JOZI AND THE WEST RAND
Workshop in South Africa
photographs in the mining belt
Joburg inhabitants say that their city was not founded along a river, but on a carpet of gold. Today, the winning activity left a devastated landscape, heavily polluted.
Gold mines shaped the country's landscape and economy. It is important to say that the gold market is a little different from other markets. Central banks around the world and the international monetary fund play an important regulatory role in the price of gold. In 2004, all these public entities held 19% of the international gold reserve while South Africa was producing 40%.
A gold mine has a short life cycle because of the extraction costs. Thus, when a mine is abandoned, the soil is definitely sterile. Tons of rocks were then moved from the depths and liquefied to extract the valuable material.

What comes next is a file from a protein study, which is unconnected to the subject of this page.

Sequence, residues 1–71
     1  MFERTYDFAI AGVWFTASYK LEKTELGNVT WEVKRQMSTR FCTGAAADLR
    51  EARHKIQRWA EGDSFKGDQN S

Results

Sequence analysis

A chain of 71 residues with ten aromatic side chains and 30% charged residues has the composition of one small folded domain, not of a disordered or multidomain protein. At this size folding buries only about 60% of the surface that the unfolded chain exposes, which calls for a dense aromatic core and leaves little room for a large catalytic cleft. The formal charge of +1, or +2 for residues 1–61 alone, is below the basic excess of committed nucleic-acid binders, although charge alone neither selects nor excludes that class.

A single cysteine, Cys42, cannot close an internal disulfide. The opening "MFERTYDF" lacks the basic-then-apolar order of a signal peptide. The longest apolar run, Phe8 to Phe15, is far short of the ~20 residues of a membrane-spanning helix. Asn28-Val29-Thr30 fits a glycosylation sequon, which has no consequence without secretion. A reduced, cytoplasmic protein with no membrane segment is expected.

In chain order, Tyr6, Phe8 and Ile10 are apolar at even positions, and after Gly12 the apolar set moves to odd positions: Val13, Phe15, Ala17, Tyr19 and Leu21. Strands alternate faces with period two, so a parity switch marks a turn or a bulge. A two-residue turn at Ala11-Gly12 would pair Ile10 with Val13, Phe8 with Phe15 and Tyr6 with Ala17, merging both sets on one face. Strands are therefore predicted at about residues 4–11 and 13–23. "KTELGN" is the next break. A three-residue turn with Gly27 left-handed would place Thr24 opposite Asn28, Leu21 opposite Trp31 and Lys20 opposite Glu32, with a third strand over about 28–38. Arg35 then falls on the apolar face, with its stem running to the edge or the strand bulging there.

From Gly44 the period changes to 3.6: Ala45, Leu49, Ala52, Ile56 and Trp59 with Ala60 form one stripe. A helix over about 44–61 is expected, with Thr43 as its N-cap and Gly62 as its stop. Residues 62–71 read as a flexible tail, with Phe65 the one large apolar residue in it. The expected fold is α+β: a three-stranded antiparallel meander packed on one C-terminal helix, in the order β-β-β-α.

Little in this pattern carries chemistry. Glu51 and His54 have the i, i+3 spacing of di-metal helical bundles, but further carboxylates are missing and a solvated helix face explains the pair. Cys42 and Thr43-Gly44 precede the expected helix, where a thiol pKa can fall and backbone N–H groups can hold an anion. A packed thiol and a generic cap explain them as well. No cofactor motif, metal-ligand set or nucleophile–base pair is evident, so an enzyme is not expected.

The residual product of this process is either sand or mud containing all the other elements previously included in the rocks. Isolated, some of them become very toxic, such as uranium, pyrite, sulphite and other heavy metals. All these materials are dumps open air.
An estimation of 1.3 million peoples live in the slums of the Johannesburg inside mining belt. The poorest people live at the middle of these waste landfill. So the question raised by this workshop was which new cycle(s) after the gold mining ?
This workshop was organized by KU Leuven University (BE) in collaboration with Witswatersrand University in Johannesburg. It was an opportunity to see how a very wide landscape could be affected by human activities. which human settlements emerge in this contexte? And how peoples live there?